Theory as a Lighthouse in the Electrochemical Ocean

In memory of Alexander M. Kuznetsov

Professor Alexander M. Kuznetsov, a world-recognized theoretician, passed away on February 12, 2009 in Moscow. Until his last days he continued to work on various aspects of charge transfer phenomena. All his scientific life, starting from early 60th, was devoted to this enormous and intriguing research field. He deeply penetrated into important details of charge transfer in physics, chemistry and biology (this is just the title of his well-known book [1], later continued jointly with Jens Ulstrup [2]). Heterogeneous charge transfer in electrochemical systems was at the heart of this activity.
A.M.Kuznetsov and R.R.NazmutdinovUsually, in electrochemistry one meets many obstacles (both in modeling and also psychologically) when constructing links between theory and experimental facts. The main reason is the obvious complexity of an electrified interface formed by two condensed phases of essentially different structure, with strongly inhomogeneous charge distribution. Moreover, experimental electrochemists are able to extract any information about electron transfer only by changing the potential (charge) at this interface, i.e. all events under consideration take place in a very specific area of variable state. The latter is crucial for theory parameters, which can be estimated (even roughly) only by modeling the interfacial "reaction layer".
In electrochemical kinetics the theory always outruns the experiment, and the quantum mechanical theory of charge transfer created in the famous Theoretical Department of the Frumkin Institute in Moscow (R.R. Dogonadze, A.M. Kuznetsov and co-authors) is a good example for that. The same takes place now with recent advancements in the theory of electron transfer in configuration of scanning tunneling microscope (A.M.Kuznetsov, J.Ulstrup and I.G. Medvedev). Although Alexander Mikhailovich sadly had only a short time to see some experimental confirmations of his predictions for single molecule behavior in STM, his name remains known in this modern high-tech oriented area, a branch of molecular electronics.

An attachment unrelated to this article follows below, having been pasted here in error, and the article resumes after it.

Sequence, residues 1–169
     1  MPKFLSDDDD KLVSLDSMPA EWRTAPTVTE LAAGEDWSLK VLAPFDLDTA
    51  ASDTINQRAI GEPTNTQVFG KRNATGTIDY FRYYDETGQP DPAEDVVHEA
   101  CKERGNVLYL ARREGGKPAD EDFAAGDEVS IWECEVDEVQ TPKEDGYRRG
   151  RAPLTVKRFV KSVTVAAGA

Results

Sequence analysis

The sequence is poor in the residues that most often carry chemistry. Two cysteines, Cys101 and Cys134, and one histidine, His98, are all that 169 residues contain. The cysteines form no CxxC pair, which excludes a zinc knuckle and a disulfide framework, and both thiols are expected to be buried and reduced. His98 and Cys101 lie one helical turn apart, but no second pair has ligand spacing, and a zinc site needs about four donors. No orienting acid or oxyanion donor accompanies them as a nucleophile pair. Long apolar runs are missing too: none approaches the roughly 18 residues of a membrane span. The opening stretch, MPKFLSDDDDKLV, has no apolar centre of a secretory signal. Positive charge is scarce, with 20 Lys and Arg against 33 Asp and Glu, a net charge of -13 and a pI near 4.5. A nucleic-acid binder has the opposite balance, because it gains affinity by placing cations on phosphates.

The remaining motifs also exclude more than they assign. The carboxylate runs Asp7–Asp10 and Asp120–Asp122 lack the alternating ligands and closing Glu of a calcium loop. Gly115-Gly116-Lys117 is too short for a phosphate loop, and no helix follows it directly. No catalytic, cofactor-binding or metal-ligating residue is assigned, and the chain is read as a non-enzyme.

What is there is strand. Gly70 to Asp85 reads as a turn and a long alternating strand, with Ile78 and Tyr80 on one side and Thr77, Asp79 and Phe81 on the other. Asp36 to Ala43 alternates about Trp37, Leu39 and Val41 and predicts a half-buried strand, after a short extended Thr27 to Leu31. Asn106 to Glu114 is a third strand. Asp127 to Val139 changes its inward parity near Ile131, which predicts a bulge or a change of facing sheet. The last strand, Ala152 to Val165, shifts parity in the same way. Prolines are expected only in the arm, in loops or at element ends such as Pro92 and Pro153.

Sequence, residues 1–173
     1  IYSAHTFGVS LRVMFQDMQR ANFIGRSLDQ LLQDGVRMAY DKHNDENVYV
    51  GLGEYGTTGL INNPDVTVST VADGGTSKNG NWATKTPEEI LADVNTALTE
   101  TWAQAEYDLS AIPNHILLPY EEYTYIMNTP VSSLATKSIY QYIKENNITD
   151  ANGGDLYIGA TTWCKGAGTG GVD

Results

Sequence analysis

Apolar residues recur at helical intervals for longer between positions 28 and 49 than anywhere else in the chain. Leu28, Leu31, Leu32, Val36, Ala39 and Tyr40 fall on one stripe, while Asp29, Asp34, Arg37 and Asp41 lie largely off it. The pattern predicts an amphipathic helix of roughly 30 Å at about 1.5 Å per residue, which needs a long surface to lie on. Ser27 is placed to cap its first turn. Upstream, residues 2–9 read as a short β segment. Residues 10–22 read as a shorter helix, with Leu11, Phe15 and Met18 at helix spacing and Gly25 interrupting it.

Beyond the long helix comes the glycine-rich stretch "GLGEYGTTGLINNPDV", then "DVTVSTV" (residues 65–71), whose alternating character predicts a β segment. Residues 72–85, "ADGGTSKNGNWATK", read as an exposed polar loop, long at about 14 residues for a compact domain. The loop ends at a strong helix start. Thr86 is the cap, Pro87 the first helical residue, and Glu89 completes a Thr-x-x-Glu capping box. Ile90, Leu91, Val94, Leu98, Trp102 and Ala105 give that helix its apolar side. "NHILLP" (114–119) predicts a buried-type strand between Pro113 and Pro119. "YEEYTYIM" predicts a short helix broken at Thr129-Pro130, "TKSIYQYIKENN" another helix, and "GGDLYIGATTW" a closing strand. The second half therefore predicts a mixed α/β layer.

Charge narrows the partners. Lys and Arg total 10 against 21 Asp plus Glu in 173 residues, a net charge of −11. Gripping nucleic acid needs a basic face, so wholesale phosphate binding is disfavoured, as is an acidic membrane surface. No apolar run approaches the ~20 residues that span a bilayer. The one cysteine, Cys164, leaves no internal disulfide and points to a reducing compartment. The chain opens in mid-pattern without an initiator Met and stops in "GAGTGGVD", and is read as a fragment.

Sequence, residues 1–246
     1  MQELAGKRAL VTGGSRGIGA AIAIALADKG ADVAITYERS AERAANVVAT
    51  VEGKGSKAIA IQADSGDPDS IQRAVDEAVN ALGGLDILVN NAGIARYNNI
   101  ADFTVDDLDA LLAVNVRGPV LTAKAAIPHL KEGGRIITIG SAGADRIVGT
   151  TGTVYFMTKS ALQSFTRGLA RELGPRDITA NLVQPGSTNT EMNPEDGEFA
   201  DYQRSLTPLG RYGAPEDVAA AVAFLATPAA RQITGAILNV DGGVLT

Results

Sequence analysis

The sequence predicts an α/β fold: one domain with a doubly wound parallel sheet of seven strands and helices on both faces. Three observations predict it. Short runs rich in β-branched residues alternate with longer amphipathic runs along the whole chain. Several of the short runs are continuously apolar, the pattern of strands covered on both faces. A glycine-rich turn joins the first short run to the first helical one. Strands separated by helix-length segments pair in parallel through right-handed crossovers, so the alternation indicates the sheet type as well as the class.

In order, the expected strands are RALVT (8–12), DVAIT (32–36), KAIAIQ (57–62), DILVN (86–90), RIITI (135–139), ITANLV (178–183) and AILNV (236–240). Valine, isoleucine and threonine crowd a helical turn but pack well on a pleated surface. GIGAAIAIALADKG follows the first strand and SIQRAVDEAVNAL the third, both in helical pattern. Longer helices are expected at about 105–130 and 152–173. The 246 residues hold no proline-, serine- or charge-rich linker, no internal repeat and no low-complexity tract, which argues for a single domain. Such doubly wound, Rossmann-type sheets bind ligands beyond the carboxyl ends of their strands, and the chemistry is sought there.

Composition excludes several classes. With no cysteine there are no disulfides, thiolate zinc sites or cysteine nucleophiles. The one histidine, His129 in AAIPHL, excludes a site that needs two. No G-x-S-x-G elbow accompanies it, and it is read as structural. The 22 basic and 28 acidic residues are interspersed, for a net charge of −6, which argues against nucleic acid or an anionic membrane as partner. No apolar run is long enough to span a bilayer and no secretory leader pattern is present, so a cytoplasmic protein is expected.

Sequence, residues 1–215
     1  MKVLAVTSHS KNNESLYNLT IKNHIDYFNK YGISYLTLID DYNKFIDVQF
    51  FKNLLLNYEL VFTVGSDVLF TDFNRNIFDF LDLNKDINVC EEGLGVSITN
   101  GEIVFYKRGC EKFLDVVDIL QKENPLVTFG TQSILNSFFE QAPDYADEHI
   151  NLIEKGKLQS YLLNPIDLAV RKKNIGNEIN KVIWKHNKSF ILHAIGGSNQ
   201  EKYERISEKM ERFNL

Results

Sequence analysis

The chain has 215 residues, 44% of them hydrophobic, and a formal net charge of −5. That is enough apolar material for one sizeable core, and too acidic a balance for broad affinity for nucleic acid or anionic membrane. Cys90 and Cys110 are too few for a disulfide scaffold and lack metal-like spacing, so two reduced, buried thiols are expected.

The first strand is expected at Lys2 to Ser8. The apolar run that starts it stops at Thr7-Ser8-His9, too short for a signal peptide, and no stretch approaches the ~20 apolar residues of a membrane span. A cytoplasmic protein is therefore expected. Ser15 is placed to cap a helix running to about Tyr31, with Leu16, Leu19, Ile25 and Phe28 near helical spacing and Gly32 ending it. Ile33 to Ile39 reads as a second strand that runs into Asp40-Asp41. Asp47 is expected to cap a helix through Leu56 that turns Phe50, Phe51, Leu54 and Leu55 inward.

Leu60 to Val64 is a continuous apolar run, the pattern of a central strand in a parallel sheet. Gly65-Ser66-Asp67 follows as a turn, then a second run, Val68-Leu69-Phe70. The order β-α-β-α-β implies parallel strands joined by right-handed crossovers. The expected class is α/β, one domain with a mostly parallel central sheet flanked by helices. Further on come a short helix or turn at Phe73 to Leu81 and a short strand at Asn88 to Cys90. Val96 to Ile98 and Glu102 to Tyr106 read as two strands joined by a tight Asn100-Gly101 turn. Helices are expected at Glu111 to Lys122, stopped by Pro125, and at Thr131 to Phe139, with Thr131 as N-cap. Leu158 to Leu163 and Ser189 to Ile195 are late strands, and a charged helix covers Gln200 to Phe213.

Alexander Mikhailovich Kuznetsov was a person who inspired us, individually and as a team, to follow a long and interesting experiment-modeling-theory route. His unique skill was the ability to grasp immediately the essence of any particular or general problem and to show key links between the problems. With the same rapidity he extracted important references from his bright memory, outlined research plans and made quantitative estimates. Due to his profound knowledge and intuition, he kept us several times away from mistakes which could have lead to a wrong interpretation of intermediate results. However, the most essential point was his fast and friendly reaction in any discussion.
Being a brilliant theoretician Alexander Mikhailovich always demonstrated a vivid interest both in challenging experimental data, and (during the last decade) to computational electrochemistry. It should be stressed that modern charge transfer theories play a first fiddle in molecular modeling, as without theoretical background even very sophisticated calculations resemble routine chemical combinatorics. Only the interplay between theory and computer simulations favors the development of really interesting and useful microscopic models.